A pretty solid book designed to stir your patriotism and polish your tarnished hopes for the future. The book reads like a speech... a little flowery or repetitive at times, meant to inspire a sympathetic audience rather than to make a strong persuasive case. I find myself coming out of it feeling prouder of America and also a little chagrined for my cynicism.
1) America was founded on an idea instead of common race, geography, or dictator, which is pretty incredible.
2) Liberty, virtue, and faith are codependent
3) A brief history of George Whitfield, and how he set the stage for America's cohesiveness before the Revolutionary war
4) Why we should start venerating our heroes again, with Nathan Hale and Paul Revere as case studies
5) Why the morality of our leaders - or our faith in their corruption - can either redeem or destroy us (with Washington's don't-overthrow-congress speech as an example).
6) How America's founding could have been guided by God as a way to help the world (with the 'miracles' of Squanto and the Constitution as evidence)
7) How loving America isn't corny, and it doesn't mean overlooking our faults, but it does mean loving what's good.
Favorite point #1: Corruption leads to cynicism which destroys democracy's efficacy:
Once they think the system is corrupt, or that their leaders and representatives are corrupt, it's nearly impossible for the citizens to feel they are anymore part of an actual system of self-government. They will feel less good about paying their taxes, for fear that their money is being misused. it will also be difficult for them to want to give of themselves in military service, for fear that such service and sacrifice aren't worth the trouble. They will generally become cynical about the whole operation and will slowly pull back and make the end of self-government inevitable.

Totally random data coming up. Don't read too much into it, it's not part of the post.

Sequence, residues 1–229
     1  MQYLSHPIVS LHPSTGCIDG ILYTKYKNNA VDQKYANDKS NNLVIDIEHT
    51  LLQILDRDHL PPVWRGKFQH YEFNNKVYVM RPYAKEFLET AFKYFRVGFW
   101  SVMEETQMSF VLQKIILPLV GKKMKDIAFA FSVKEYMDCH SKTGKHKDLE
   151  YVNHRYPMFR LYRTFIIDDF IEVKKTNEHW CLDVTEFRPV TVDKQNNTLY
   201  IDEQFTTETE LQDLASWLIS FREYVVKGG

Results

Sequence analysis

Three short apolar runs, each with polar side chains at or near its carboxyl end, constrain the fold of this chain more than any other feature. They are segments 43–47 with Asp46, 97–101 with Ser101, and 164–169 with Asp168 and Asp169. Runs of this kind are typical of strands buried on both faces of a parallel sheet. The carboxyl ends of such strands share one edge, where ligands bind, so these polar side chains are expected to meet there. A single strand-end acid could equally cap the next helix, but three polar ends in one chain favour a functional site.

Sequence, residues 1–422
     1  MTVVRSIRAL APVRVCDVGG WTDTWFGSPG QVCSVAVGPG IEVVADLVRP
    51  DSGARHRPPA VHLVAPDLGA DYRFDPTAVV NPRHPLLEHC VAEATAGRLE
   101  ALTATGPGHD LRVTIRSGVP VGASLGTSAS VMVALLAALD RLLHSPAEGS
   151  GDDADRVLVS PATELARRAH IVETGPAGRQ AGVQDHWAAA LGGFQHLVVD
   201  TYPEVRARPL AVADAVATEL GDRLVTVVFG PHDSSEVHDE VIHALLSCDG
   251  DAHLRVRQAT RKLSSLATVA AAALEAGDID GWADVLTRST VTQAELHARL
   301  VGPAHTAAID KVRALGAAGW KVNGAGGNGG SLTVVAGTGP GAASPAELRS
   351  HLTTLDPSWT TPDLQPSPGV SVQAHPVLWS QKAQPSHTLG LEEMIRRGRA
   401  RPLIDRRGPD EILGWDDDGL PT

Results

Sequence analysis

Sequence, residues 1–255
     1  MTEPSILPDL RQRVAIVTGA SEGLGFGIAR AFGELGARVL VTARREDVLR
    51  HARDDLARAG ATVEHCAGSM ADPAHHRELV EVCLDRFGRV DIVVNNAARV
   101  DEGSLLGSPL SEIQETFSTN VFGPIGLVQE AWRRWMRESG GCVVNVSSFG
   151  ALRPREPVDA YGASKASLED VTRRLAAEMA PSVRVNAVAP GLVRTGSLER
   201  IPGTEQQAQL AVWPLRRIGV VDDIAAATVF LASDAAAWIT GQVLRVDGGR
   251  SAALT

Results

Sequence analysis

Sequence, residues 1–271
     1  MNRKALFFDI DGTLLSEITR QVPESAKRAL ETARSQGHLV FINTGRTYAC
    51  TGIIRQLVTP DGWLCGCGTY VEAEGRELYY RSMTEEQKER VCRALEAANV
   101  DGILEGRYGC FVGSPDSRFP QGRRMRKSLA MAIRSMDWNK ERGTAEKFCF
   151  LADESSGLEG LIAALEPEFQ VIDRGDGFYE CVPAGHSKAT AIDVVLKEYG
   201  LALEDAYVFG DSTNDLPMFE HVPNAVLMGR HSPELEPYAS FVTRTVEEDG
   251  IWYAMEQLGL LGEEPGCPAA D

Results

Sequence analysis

Corruption in leaders give citizens the sense that they are, in fact, not all in it together. They will get the positively fatal idea that there is indeed an "us" and a "them." At this point the unavoidably central idea that "we the people" are governing ourselves is doomed. The citizens will buy into the deeply pernicious idea that rather than ruling themselves, they are in fact being ruled by others - that all the talk of self-government and liberty is a sham. So they won't work with the government, but will see themselves as dupes of the government and will begin working against it, whether actively or passively. They may be more inclined to cheat on their taxes, or in being less involved in government service, or they may simply stop voting, because they have the idea that the whole thing is somehow rigged against them, so that their vote doesn't matter, and that voting is for suckers. or they may themselves become actively cynical and vote, but not for the best and noblest candidate, but for the candidate who will put the most money in their pockets - for the one who will get them what they want at the expense of the larger enterprise. They will care for themselves more than for the welfare of the country, because they have ceased to take pride in the country or to see it as a real extension of themselves - as indeed "their" country.
So democracy without real patriotism moves toward the destruction of the ordered liberty bequeathed to us by the founders."
Favorite point #2: Love is neither criticism or blindness, it's calling out the best in someone:
"If I have a son or a daughter or a spouse or a parent or another relative or a friend, I will eventually see things in their behavior that I perhaps perceive as troubling, even as out-and-out wrong. How do I deal with that? There are a few typical ways.
One of them is to home in on those problems by constantly pointing them out and criticizing that person so that the person feels unloved. Another is to be unable to divorce the person from their behavior - to say, in effect, Whatever that person does is correct. If I love them I must accept them 'as they are'" We can hate the sin and hate the sinner or we can love the sin and love the sinner. Both are wrong. There is a third way....
What if we treat someone as though he were the way we wished him to be?... To love someone is to see the best in them and to act toward them as though they were that best. To call them higher. To treat them with respect and love is to call them to be worthy of that respect and that love. And we can say that to love someone is not to avoid seeing their flaws, but to avoid so focusing on them that the person gets a feeling of hopelessness about changing them."